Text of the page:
For complete information about setting up automounting, including all the available options, see the automount and exportfs reference pages. These commands are discussed more completely in the ONC3/NFS Administrator's Guide .
Filesystems are automatically unmounted when the system is shut down. To manually unmount filesystems, use the umount command. There are three basic forms of the command, as shown below. You can use the first two forms to unmount local filesystems, and the first and third forms to unmount remote filesystems.
% umount mount_point_directory % umount device_file % umount host:directory
For example, to unmount a local or remote filesystem mounted at /d2, enter this command:
% umount /d2
To unmount the filesystem on the partition /dev/dsk/dks0d1s7, enter this command:
% umount /dev/dsk/dks0d1s7
To unmount the remote-mounted (NFS) filesystem depot:/usr/spool/news, enter this command:
% umount depot:/usr/spool/news
To be unmounted, a filesystem must not be in use. If it is in use and you try to unmount it, you get a “Resource busy” message. These messages and their solutions are explained in the umount reference page.
To administer filesystems, you need to do the following:
Monitor the amount of free space and free inodes available.
If a filesystem is chronically short of free space, take steps to alleviate the problem, such as removing old files and imposing disk usage quotas.
If you use EFS filesystems, use fsck periodically to check the filesystems for data integrity. (XFS filesystems are checked with xfs_check only when a problem is suspected.)
Back up filesystems.
You can perform many of these functions automatically by using shell scripts. Many shell scripts are installed on your system by default. For more information, examine the scripts in /usr/lib/acct, such as ckpacct and remove, for ideas about how to build your own administration scripts.
No matter what kind of computing systems and environment you use, it is essential to regularly back up files. Backup copies are often the only way to recover files that have been accidentally erased, or lost due to hardware problems. It is the responsibility of the work group administrator to make sure there are backups of the files used in the work group. Depending on the work group's backup plan, it may be up to users or to the administrator to actually perform the backups, as well as any recovery that might be needed.
Some of the common types of backup media supported on Silicon Graphics systems include the following:
1/4” cartridge tape, 4-track
8 mm cartridge
In addition to backup devices attached to any particular system, backup devices of various types and capacities may be accessible through network connections. Refer to your owner's guide for information on locally accessible devices, and the appropriate vendor documentation for network-accessible device information.
The IRIX system provides a variety of backup tools, and you should use whichever ones work best for you. If many users at your site are already familiar with one backup program, you may wish to use that program consistently. If there are workstations at your site from other manufacturers, you may wish to use a backup utility that is common to all the workstations.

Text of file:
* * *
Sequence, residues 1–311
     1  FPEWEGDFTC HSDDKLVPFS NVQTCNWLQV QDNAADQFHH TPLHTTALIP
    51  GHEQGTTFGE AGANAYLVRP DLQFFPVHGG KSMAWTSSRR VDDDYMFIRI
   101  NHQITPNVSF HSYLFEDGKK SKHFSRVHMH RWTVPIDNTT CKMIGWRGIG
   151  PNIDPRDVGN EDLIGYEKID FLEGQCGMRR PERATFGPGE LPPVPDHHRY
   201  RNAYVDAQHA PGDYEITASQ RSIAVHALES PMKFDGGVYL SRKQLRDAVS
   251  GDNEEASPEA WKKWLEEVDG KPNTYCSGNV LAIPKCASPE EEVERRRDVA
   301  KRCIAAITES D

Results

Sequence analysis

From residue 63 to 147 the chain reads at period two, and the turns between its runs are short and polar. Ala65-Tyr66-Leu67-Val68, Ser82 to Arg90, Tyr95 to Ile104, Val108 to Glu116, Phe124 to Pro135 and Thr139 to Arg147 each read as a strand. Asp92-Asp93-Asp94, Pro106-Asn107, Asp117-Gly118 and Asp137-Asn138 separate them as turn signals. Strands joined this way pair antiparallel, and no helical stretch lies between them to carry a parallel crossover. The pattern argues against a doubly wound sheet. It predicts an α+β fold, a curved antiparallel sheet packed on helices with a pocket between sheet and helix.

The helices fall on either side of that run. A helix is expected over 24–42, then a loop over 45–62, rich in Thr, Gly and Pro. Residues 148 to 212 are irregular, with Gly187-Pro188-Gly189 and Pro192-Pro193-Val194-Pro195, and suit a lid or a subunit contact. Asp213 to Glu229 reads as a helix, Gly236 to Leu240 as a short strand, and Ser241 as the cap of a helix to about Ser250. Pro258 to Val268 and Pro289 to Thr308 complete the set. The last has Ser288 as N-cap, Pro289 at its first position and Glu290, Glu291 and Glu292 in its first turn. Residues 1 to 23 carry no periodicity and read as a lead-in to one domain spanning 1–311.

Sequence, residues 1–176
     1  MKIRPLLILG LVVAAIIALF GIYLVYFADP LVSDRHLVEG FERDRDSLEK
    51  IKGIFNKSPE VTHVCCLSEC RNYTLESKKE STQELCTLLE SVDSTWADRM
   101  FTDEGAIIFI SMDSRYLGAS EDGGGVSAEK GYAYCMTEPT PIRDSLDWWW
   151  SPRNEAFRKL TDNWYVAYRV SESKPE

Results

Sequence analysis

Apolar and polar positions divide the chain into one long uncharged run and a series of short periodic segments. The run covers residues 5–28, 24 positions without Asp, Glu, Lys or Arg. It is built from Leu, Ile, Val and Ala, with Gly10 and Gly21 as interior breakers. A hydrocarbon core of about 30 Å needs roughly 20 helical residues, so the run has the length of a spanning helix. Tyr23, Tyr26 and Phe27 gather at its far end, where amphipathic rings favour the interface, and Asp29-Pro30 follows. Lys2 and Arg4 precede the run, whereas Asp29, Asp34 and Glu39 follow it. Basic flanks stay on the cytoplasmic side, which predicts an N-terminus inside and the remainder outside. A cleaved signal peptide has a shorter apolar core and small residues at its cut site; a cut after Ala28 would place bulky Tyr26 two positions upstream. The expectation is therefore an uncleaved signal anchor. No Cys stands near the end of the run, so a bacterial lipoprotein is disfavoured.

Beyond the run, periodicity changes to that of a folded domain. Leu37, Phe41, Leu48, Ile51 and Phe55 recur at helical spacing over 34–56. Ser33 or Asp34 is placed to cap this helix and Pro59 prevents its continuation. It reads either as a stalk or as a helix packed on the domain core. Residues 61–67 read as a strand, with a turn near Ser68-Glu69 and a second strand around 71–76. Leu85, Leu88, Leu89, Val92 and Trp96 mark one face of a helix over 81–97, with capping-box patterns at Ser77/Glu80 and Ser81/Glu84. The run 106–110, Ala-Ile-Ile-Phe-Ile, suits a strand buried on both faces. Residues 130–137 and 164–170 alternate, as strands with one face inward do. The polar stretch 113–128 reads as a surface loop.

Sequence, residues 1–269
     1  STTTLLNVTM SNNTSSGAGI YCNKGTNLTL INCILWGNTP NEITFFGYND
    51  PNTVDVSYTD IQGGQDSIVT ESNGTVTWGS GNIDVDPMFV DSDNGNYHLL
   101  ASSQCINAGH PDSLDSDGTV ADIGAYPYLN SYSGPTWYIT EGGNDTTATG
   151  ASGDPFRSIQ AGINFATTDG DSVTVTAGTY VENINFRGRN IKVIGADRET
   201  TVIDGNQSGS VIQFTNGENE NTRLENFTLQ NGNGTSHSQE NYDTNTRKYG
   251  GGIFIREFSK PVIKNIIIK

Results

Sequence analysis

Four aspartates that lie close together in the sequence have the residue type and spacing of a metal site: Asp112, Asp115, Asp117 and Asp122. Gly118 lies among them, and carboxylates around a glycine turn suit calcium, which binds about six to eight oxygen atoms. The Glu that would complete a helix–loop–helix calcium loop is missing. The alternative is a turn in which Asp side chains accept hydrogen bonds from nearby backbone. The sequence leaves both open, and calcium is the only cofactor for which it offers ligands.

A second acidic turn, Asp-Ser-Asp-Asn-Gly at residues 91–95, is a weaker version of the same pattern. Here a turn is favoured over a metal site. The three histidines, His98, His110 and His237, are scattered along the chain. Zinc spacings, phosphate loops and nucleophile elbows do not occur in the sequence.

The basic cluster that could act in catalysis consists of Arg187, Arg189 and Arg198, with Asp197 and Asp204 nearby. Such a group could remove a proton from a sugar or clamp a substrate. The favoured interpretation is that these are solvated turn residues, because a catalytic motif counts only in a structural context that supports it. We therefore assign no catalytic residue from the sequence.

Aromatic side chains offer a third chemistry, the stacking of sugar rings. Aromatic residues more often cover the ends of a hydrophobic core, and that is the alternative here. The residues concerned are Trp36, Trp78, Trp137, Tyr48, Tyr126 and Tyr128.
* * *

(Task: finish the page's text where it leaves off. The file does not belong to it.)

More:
IRIX provides the following utilities for backing up your data:
System Manager, providing backup functions (this is the recommended tool if you are backing up your own filesystem).
bru, a backup tool featuring automatic file compression, space estimates, and integrity checking.
Backup and Restore, command-line front ends to the bru utility.
dump and restore, standard UNIX utilities (cannot back up XFS filesystems).
xfsdump and xfsrestore for XFS filesystems, XFS compatible versions of dump and restore.
tar, the most common UNIX backup utility (almost certainly available on workstations from other manufacturers).
cpio, a standard UNIX command (often combined in command line pipes with other commands).
dd, a standard UNIX command to read input and write output.
Optional products for Silicon Graphics systems are also available. IRIS NetWorker™ is a scalable, full-featured data management tool for data backup and recovery. You can use IRIS NetWorker to back up data on high-end servers, or centrally manage backups for all your network workstations and file servers.
For more information about backup tools, see the Personal System Administration Guide and IRIX Admin: Backup, Security, and Accounting.
As the work group administrator, you should develop a regimen for backing up the system or systems at your site and follow it closely. That way, you can accurately assess which data you can and cannot recover in the event of a mishap.
Exactly how you perform backups depends upon your workstation configuration and other factors. Regardless of the strategy you choose, though, you should always keep at least two full sets of reasonably current backups. You should also encourage users to make their own backups, particularly of critical, rapidly changing files. Users' needs can change overnight, and they know best the value of their data.
Workstation users can back up important files using the System Manager, found in the System toolchest on your screen. The System Manager is described in detail in the Personal System Administration Guide. Make sure users have access to an adequate supply of media (for example, cartridge tapes), whether new or used.